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3.2. Membrane characterization 3.2.1. Molecular weight cut-off profile The molecular weight cut-off profiles are constructed for PAN membranes by measuring solute separation for four proteins of molecular weight ranging from 14,400 to 67,000 u (14,400 to 67,000 Da). The results are given in Figs. 4–6. For the various membranes prepared from CaCl2 as additive and water as the coagulant, the molecular weight cut-off profiles (Fig. 4) are superposed at molecular weight of protein higher than 35,000 u (35,000 Da). The results indicate that CaCl2 as additive can increase the pure water flux of PAN membrane and does not change the average pore size significantly compared with the PAN membrane prepared from water as the coagulant and without any additive in the casting solution. Shinde et al. [30] examined the effect of various inorganic halides (LiCl, ZnCl2 and AlCl3 ) added to a casting solution of PAN in N,N-dimethyl formamide (DMF). They reached the same conclusion that addition of di- and trivalent salts resulted in membranes with a pore size similar to the membrane prepared without any additive. Comparing Fig. 4 with Fig. 5, an interesting result can be drawn that the aqueous solution of NaCl as the coagulant reduces the protein retention slightly. Deshmukh and Li [31] studied the effect of coagulation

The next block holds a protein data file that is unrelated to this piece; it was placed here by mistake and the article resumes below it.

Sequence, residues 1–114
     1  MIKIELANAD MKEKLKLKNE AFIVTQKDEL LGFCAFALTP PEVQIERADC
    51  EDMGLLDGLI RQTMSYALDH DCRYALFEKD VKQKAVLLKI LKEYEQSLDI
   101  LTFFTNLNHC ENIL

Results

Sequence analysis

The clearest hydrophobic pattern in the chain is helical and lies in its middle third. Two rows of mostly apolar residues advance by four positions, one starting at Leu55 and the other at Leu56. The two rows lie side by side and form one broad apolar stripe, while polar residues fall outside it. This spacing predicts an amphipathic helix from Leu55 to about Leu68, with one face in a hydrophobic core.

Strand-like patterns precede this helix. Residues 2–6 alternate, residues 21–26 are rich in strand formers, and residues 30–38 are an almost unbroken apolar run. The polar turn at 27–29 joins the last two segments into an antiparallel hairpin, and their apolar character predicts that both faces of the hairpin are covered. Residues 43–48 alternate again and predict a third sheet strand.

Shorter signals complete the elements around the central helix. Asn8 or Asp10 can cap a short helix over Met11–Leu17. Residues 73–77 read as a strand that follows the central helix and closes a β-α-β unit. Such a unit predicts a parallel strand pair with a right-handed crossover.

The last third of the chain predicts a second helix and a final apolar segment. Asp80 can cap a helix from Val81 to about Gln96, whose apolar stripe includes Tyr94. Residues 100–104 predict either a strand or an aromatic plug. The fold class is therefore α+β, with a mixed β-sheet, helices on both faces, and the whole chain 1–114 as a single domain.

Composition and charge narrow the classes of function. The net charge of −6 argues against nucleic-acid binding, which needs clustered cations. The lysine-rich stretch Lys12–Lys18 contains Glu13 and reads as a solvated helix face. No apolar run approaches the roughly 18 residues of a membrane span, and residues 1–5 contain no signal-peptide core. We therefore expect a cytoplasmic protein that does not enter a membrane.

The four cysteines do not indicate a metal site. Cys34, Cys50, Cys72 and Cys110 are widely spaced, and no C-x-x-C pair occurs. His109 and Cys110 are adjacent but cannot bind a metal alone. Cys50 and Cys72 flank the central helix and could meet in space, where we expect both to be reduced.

Fig. 4. MWCO profile of PAN membranes prepared from different concentrations of CaCl2 . CaCl2 concentration: (a) 0 wt.%; (b) 1 wt.%; (c) 2 wt.% and (d) 3 wt.%.

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Fig. 5. MWCO profile of PAN membranes prepared from aqueous solution of NaCl. NaCl concentration: (a) 1 wt.%; (b) 5 wt.%; (c) 10 wt.% and (d) 20 wt.%.

medium, ethanol (10–50%) and water (90–50%), on the PVDF hollow fiber membranes. They found that the presence of ethanol in the coagulation bath reduced the polymer precipitation rate in phase inversion process, and the effective porosity of the resulting membranes decreased as ethanol concentration in the coagulation bath increased. This can explain the slightly decreased retention capability and the

drastically reduced permeation property when NaCl concentration is high enough. The retention properties of PAN membranes prepared from aqueous solution of Na2 CO3 are showed in Fig. 6. PAN membranes prepared from the low Na2 CO3 concentration (1 and 5 wt.%) have the similar MWCO profiles compared with PAN membranes prepared from water as coagulant (Fig. 4). That means the

Fig. 6. MWCO profile of PAN membranes prepared from aqueous solution of Na2 CO3 . Na2 CO3 concentration: (a) 1 wt.%; (b) 5 wt.%; (c) 10 wt.% and (d) 20 wt.%.

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Fig. 7. FSEM-pictures of the cross-sections of different membranes prepared from the systems 12/3/85 (w/w/w) PAN/CaCl2 /DMAC. The compositions of the coagulant: (a) demineralized water; (b) 10 wt.% NaCl; (c) 1 wt.% Na2 CO3 ; (d) 5 wt.% Na2 CO3 and (e) 20 wt.% Na2 CO3 .